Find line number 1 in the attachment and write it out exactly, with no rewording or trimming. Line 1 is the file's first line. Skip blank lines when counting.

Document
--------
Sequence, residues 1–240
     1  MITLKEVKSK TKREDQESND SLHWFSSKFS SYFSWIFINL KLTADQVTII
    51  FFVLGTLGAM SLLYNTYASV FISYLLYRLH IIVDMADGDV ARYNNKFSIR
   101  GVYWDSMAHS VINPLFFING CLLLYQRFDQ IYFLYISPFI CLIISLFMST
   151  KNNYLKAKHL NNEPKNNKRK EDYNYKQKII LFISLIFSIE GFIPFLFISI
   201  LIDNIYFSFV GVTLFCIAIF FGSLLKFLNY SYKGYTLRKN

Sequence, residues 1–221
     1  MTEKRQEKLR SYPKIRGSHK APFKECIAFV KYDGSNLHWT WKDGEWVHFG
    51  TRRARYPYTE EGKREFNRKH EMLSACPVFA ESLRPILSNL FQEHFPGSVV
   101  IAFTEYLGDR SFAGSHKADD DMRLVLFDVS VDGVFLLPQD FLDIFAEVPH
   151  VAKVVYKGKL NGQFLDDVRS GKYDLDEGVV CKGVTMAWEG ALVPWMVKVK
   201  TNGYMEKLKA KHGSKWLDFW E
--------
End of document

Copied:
Sequence, residues 1–240